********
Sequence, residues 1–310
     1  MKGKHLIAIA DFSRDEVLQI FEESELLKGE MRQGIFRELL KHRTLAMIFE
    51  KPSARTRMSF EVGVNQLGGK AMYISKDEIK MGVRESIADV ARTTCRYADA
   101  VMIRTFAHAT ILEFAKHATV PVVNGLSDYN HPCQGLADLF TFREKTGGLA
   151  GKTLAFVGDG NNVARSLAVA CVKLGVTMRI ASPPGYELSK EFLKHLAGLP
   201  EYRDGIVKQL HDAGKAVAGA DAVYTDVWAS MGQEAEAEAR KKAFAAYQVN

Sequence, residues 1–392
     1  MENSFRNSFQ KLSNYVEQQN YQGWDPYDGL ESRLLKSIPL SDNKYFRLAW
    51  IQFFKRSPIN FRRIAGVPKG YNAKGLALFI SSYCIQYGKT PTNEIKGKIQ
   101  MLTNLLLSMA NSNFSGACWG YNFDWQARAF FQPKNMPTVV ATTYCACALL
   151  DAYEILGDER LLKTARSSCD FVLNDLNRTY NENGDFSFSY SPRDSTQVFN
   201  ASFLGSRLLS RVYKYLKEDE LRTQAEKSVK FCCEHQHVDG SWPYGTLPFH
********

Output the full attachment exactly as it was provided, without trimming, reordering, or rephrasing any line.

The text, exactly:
Sequence, residues 1–310
     1  MKGKHLIAIA DFSRDEVLQI FEESELLKGE MRQGIFRELL KHRTLAMIFE
    51  KPSARTRMSF EVGVNQLGGK AMYISKDEIK MGVRESIADV ARTTCRYADA
   101  VMIRTFAHAT ILEFAKHATV PVVNGLSDYN HPCQGLADLF TFREKTGGLA
   151  GKTLAFVGDG NNVARSLAVA CVKLGVTMRI ASPPGYELSK EFLKHLAGLP
   201  EYRDGIVKQL HDAGKAVAGA DAVYTDVWAS MGQEAEAEAR KKAFAAYQVN

Sequence, residues 1–392
     1  MENSFRNSFQ KLSNYVEQQN YQGWDPYDGL ESRLLKSIPL SDNKYFRLAW
    51  IQFFKRSPIN FRRIAGVPKG YNAKGLALFI SSYCIQYGKT PTNEIKGKIQ
   101  MLTNLLLSMA NSNFSGACWG YNFDWQARAF FQPKNMPTVV ATTYCACALL
   151  DAYEILGDER LLKTARSSCD FVLNDLNRTY NENGDFSFSY SPRDSTQVFN
   201  ASFLGSRLLS RVYKYLKEDE LRTQAEKSVK FCCEHQHVDG SWPYGTLPFH